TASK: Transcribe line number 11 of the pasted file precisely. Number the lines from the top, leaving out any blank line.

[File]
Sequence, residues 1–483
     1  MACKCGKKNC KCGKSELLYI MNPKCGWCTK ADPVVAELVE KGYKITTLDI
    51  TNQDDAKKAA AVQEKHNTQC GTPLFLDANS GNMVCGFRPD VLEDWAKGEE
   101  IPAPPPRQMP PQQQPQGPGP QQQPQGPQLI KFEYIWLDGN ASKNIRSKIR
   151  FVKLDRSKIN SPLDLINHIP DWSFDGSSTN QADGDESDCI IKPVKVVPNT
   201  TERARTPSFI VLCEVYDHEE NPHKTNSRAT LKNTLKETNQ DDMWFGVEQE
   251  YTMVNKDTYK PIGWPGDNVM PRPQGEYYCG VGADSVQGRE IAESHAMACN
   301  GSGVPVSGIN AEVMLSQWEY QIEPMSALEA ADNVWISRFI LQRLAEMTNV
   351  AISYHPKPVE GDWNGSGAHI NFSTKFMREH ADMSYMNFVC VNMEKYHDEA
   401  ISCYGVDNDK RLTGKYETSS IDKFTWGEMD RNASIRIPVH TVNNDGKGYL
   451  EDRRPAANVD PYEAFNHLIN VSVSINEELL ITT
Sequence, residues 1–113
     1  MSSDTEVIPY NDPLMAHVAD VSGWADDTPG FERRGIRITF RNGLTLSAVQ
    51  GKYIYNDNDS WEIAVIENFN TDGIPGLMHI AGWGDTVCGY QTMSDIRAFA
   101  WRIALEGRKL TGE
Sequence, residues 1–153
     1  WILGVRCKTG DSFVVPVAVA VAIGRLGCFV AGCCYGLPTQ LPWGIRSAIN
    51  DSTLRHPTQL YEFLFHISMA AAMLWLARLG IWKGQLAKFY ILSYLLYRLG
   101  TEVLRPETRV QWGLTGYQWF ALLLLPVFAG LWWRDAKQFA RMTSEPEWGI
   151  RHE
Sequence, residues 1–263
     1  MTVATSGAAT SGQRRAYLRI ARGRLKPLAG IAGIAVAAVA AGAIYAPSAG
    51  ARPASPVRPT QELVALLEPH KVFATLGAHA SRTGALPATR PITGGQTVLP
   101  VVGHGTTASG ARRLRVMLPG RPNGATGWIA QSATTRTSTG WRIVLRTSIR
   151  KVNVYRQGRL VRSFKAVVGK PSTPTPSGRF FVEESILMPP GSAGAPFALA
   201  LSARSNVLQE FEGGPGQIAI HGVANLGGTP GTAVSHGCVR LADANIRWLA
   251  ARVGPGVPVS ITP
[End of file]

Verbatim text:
   451  EDRRPAANVD PYEAFNHLIN VSVSINEELL ITT